Olympics-US eyes ‘most important decade’ for sports

By Thomson Reuters Apr 15, 2024 | 7:18 PM

By Rory Carroll

NEW YORK (Reuters) – The U.S. has the opportunity to promote its values at home and abroad over the next 10 years as it hosts a slew of major international sporting events, Olympic and government officials said on Monday.

The U.S. will host Copa America this year, the World Cup with Canada and Mexico in 2026, the Los Angeles Olympics in 2028 and possibly the Winter Olympics in Utah in 2034, among other competitions.

“This very well may be the single most important decade in sport in this country, and we see a massive obligation and an incredible opportunity,” Sarah Hirshland, CEO of the United States Olympic Committee, said at a media summit on Monday.

“We feel an opportunity and in some sense a duty to really bring forth and remind this country why we love sport,” she added later during a roundtable discussion with reporters.

“The values, behaviors and the skills that it teaches us as individual human beings, especially as young people, but also the communities and the connections it creates.

“We see the importance of human connection, the importance of physical fitness, and you can weave a thread through all of that with sport.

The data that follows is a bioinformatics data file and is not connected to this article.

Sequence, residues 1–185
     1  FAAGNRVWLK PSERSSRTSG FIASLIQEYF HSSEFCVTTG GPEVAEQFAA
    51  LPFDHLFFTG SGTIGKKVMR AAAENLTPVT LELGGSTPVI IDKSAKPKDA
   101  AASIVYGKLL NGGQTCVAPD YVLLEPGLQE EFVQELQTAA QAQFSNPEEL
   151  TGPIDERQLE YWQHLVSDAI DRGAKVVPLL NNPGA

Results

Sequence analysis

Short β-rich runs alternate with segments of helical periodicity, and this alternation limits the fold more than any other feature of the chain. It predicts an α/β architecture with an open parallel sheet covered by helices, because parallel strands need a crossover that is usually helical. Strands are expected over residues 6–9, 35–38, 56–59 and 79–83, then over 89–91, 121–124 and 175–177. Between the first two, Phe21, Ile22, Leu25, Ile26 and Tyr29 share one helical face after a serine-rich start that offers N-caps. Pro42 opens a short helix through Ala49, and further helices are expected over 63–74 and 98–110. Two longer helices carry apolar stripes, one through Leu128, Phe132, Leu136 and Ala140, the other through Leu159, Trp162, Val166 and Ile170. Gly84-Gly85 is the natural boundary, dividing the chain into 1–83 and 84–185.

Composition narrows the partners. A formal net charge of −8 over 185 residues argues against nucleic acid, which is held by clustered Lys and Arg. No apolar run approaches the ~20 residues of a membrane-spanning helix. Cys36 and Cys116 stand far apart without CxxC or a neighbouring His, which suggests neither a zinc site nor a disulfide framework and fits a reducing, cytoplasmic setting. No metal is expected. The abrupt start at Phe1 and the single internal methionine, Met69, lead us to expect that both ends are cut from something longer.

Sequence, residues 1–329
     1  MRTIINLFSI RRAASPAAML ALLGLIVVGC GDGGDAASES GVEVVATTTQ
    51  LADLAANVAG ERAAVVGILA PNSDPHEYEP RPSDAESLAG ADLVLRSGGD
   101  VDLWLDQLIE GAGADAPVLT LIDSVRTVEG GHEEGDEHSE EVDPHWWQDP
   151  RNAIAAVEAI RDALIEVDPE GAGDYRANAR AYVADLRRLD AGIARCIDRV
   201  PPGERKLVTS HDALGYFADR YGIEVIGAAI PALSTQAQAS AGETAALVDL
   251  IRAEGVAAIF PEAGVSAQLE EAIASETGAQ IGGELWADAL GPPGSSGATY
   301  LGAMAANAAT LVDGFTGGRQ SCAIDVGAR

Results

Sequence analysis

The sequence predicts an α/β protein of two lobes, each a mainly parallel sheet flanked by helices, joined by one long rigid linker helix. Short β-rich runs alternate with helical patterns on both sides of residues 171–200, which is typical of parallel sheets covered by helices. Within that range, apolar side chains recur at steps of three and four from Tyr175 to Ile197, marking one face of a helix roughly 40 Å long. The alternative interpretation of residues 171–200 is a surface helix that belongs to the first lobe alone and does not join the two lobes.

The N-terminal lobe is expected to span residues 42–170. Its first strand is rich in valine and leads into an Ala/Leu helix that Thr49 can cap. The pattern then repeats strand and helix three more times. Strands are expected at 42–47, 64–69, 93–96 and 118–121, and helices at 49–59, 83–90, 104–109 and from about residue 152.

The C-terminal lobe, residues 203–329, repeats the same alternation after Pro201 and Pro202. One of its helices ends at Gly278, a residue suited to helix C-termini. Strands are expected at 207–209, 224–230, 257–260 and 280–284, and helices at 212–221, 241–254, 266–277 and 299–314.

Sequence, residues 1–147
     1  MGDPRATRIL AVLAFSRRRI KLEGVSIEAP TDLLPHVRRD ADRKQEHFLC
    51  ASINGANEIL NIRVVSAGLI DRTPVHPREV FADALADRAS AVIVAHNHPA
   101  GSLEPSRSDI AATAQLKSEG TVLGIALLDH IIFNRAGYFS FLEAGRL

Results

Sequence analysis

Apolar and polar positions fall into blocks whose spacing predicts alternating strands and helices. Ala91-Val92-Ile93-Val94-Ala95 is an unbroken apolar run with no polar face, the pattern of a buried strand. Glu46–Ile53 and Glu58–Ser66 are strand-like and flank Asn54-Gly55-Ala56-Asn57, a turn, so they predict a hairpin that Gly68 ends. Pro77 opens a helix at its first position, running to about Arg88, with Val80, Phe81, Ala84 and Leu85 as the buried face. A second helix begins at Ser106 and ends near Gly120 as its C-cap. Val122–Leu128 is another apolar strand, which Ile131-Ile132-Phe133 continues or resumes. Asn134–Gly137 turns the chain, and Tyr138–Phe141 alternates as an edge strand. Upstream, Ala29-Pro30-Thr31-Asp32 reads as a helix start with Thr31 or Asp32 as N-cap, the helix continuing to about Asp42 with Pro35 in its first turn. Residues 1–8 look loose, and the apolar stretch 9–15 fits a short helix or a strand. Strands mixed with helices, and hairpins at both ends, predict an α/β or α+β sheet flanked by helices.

“But we haven’t seen it in our country in the breadth of its diversity the way we will around a big, multi-sport, global event like the Games.”

The U.S. State Department is also hoping to capitalise on the moment to burnish the nation’s image overseas while sharing its values, Assistant Secretary Lee Satterfield told Reuters in an email.

“The next decade of international sporting events is a once in a lifetime opportunity for the United States to elevate sports as a diplomatic platform,” she said.

“Bringing people together, exposing our commonality and humanity, and capturing the moment – from economic opportunity and equity to inclusion – to promote peace and to ignite the Olympic spirit for generations to come.”

Hirshland said what sets the U.S. apart from the rest of the world on the Olympic playing field and geopolitically is its size and achievement.

“We’re the biggest,” she said. “And we’ve been historically the best and that earns you influence. But it also mandates an obligation to lead with humility.”

(Reporting by Rory Carroll in New York; Editing by Jamie Freed)